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30, March 2017

A Fate of Flames

St. Louis was once home to one of the largest hotels in all the world—until the unthinkable happened. Read more »

24, March 2017

Meet the Potters

St. Louis has a long tradition of cultivating both artists and avenues for delivering their work to receptive audiences. River Styx magazine, for one, has been a vessel for poetry, art, fiction, and nonfiction since 1975, presenting work from Pulitzer Prize winners, poets laureate, and novices alike. Read more »

22, March 2017

Rock 'n' Roll's Founding Father: Chuck Berry

Charles Edward Anderson "Chuck" Berry was born in a three-room cottage at 2520 Goode Avenue (now Annie Malone Drive) in the Ville, the heart of St. Louis’s black community during an era of deep-seated segregation and intense racism. In the all-black, self-contained neighborhood, Berry attended Sumner High School and sang at Antioch Baptist Church. Read more »

17, March 2017

How the Irish Found Gold in St. Louis

Unlike the experiences of Irish immigrants in nearly every other major U.S. city, the Irish who settled in St. Louis in the mid-1800s were embraced—and they thrived. The following is adapted from Rev. William Barnaby Faherty’s 2001 book The St. Louis Irish: An Unmatched Celtic Community, published by the Missouri Historical Society Press. Read more »

9, March 2017

Phoebe Couzins: Blazing the Way for Women

A leading figure in the suffragist movement, Phoebe Couzins has a legacy that shouldn’t be forgotten. The question is, what are we more likely to remember her for?

Couzins was born in St. Louis on September 8, 1842, to John E. D. and Adeline Couzins, both of her whom were tireless public servants. Witnessing their work as chief of police and battlefield nurse, respectively, likely inspired Couzins’s interest in social causes. Her cause of choice? The empowerment of women. Read more »

3, March 2017

The Highs and Lows of Gov. James Wilkinson

Occasionally there are figures who weave in and out of history, connecting seemingly disparate people and events. It’s like when an infamous recurring character’s name pops up in the credits of a television show: You just know things are about to get messy.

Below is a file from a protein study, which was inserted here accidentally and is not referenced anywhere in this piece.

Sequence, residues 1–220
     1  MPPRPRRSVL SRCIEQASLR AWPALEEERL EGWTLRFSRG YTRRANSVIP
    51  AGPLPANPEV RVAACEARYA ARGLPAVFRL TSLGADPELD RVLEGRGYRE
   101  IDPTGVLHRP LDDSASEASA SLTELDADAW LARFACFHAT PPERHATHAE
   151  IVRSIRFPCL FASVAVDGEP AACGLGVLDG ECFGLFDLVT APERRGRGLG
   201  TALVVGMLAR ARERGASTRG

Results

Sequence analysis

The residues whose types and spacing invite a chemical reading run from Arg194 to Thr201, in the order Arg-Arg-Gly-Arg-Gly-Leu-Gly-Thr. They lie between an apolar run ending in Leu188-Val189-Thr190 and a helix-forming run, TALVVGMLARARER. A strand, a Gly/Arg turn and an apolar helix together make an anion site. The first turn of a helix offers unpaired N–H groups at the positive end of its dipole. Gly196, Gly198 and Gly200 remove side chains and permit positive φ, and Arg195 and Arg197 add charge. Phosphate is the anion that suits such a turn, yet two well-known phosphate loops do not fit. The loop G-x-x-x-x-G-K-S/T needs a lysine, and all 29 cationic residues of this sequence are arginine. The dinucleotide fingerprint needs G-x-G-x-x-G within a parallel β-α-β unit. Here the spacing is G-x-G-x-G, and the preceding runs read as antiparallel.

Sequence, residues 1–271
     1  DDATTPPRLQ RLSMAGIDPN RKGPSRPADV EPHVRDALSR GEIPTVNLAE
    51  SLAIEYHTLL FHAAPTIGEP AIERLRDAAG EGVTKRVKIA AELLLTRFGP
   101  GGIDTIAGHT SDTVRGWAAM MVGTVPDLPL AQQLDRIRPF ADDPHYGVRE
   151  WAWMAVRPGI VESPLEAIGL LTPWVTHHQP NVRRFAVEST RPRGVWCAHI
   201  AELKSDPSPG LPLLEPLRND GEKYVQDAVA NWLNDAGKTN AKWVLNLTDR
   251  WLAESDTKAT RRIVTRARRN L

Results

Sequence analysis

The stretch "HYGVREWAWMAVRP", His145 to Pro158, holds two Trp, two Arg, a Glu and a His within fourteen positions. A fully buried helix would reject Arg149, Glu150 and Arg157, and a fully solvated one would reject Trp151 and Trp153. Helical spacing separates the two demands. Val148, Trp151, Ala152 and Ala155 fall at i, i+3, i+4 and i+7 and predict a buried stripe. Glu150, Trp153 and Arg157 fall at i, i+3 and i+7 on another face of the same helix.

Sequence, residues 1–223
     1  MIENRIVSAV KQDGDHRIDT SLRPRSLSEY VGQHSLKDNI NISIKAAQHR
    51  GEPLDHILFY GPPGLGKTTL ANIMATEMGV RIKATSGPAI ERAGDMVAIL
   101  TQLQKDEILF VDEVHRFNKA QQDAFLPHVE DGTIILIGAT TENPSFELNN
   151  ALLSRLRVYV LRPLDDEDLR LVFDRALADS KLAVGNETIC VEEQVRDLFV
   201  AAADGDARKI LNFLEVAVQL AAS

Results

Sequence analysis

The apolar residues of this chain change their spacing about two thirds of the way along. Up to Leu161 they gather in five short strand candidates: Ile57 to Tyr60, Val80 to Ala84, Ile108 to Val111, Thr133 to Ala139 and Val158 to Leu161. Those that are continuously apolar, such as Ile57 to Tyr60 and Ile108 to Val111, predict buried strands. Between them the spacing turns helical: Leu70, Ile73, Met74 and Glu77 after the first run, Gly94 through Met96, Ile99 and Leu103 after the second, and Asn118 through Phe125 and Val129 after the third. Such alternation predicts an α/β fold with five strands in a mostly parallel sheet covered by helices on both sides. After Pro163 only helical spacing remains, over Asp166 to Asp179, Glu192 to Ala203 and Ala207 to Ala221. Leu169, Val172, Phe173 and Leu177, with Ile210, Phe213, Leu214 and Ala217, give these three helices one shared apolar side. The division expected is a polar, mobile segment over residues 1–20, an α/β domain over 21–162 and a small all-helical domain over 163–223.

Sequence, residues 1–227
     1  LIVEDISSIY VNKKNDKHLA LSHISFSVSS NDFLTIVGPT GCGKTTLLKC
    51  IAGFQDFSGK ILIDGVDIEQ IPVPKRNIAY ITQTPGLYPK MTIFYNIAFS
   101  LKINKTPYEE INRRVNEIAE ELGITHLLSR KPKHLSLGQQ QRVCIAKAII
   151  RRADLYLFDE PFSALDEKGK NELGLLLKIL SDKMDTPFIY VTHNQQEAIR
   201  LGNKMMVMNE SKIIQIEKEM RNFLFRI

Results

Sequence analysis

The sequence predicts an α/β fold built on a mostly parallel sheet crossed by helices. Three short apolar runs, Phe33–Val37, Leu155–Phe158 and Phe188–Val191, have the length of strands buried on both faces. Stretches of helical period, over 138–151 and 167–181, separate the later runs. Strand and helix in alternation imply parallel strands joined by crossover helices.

James Wilkinson was one such person. Throughout his lifetime he had been called a conspirator, drunkard, slanderer, traitor, insurgent, perjurer—and the Louisiana Territory’s first governor. Read more »

1, March 2017

66 Through St. Louis: Motel Row

This is the sixth in a series of posts highlighting Route 66 stops of interest through St. Louis. We encourage you to learn more about their history and then check them out in person. Even better, snap some photos and share them with us on Twitter and Instagram by using #ShowMe66 and tagging @mohistorymuseum. 

When it came to getting sleep along Route 66, motel owners often managed precious little because they were too busy competing to convince travelers that they alone offered the best night’s rest. Read more »

17, February 2017

But for One Man . . .

Missouri owes a lot to Thomas Jefferson, who signed off on the land agreement that almost doubled the size of the United States. When we look back at history, it seems almost guaranteed that Jefferson—former governor of Virginia, U.S. ambassador to France, first Secretary of State, and second vice president—would become president at some point. But history is often messier than it seems at first glance. Read more »

9, February 2017

66 Through St. Louis: Donut Drive-In & Ted Drewes

This is the fifth in a series of posts highlighting Route 66 stops of interest through St. Louis. We encourage you to learn more about their history and then check them out in person. Even better, snap some photos and share them with us on Twitter and Instagram by using #ShowMe66 and tagging @mohistorymuseum. 

For Route 66 fans, there's no better place on a mild spring night than Chippewa Street. On a short section near St. Louis's city limits, two Route 66 legends sit just blocks apart. Read more »

6, February 2017

Was Budweiser Really Born the Hard Way?

With the words “Welcome to St. Louis, son,” an exhausted, visionary immigrant joins the ranks of famous Anheuser-Busch Super Bowl commercials alongside croaking frogs, “Wassup” dudes, and Clydesdale-puppy friendships. The immigrant is Adolphus Busch himself, and the commercial is a minute-long mini-drama of what it takes to leave all behind and follow your dreams. Read more »